Minnie Riperton was one of soul music's unforgettable voices
or all time. Her biggest hit was "Lovin' You", which hit big
in 1975. She first started as a singer in a group called the Gems for Chess Records in the 1960s, then moved on to Rotary Connection. It was in this group that she met and married Richard Rudolph, and had two children, Marc Rudolph and Maya Rudolph (who is now featured on "Saturday Night Live"). She began a solo career with the album "Come to My Garden" in 1970, which was a beautifully mastered album that somewhat got lost, but can be heard again now when it was reissued as a CD in 2002.
With that, Minnie Riperton toured and sang with Stevie Wonder with his Wonderlove group (which featured another soulful diva, Deniece Williams). This partnership with Wonder netted her a million-selling album with "Perfect Angel" in late 1974 on Epic Records. This album was a success due to the number-one hit "Lovin' You." She followed this album with "Adventures in Paradise" in 1975, which featured "Inside My Love," another million selling hit.
After the release of this album, Minnie Riperton discovered that she had breast cancer and underwent a modified mastectomy. She then became a spokeperson for the American Cancer Society, where she prompted many women to do mammograms and tests for breast cancer. Minnie continued to record and perform despite her condition. She released her final Epic album "Stay in Love" in 1977, but that album did not do very well sales-wise or radio-wise except for two songs "Young, Willing & Able" and "Stick Together."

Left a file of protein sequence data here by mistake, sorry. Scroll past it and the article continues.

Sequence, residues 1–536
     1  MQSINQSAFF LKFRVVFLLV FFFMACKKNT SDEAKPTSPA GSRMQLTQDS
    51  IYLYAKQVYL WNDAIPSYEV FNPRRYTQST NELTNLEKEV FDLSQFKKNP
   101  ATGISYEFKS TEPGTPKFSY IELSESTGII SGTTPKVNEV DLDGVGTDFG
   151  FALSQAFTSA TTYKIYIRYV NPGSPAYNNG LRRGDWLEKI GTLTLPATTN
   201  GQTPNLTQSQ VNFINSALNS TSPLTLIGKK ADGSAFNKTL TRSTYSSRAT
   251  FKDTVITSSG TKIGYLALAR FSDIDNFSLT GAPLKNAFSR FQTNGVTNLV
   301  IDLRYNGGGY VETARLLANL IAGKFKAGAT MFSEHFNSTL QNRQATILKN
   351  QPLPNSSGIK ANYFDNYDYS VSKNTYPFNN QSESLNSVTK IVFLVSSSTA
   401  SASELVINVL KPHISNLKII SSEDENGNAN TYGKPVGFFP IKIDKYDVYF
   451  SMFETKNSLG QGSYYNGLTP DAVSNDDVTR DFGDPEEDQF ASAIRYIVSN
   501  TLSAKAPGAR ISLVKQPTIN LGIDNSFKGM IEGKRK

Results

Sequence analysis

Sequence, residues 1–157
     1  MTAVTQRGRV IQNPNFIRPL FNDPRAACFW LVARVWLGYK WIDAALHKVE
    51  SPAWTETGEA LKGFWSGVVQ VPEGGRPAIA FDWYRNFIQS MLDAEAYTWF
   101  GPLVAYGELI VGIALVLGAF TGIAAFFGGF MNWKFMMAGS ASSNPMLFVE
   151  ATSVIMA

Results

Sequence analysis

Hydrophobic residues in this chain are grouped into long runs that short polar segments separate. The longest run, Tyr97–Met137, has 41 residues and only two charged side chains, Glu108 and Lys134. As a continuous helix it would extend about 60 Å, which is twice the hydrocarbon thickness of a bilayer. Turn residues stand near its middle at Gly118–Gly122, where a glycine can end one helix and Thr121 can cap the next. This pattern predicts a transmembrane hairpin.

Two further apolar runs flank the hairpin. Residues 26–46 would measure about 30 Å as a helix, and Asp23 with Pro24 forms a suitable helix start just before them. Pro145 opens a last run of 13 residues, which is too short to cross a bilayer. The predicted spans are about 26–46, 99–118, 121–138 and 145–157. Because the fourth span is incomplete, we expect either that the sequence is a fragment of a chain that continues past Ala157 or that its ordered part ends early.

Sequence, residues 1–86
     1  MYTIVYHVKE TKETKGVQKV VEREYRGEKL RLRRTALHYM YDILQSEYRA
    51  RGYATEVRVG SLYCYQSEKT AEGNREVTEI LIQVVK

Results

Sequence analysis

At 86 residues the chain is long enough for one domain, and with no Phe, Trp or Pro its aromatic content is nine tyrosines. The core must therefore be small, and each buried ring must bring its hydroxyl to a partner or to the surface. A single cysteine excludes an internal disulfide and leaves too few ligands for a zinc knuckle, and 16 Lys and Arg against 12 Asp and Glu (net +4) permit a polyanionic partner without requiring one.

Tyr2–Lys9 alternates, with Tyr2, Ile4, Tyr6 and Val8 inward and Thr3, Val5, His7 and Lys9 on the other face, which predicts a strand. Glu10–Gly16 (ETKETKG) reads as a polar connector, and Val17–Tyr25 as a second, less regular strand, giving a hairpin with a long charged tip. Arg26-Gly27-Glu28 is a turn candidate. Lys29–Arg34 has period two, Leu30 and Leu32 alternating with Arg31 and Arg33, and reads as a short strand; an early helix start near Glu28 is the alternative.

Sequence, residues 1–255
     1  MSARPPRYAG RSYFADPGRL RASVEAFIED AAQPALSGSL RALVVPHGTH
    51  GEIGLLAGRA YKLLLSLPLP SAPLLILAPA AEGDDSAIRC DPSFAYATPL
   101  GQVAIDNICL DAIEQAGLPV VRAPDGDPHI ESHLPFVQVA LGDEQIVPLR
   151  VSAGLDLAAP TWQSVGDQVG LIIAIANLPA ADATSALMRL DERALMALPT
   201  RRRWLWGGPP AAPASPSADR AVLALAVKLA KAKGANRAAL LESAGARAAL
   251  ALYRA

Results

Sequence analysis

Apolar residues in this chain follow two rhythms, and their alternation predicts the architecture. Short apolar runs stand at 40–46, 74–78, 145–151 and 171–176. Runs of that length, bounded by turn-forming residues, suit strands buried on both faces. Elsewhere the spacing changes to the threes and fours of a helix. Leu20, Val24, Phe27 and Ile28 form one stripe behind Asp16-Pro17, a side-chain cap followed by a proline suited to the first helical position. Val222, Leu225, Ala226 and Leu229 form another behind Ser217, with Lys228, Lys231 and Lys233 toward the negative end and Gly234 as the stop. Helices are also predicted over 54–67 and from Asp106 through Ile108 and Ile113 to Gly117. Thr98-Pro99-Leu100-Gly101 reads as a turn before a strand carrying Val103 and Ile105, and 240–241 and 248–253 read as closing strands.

After the unsuccessful release, Minnie moved on to Capitol Records wher she recorded her first (and sadly her last) album "Minnie," which featured the songs "Memory Lane" and "Lover and Friend." This was the final album that was released during her lifetime as she passed away on July 12, 1979.
A year after her death, Capitol released a posthumous album "Love Lives Forever" featuring her recorded vocals with various singers like Peabo Bryson, Michael Jackson and even Stevie Wonder. It was a fitting tribute to the lady with the high octave voice.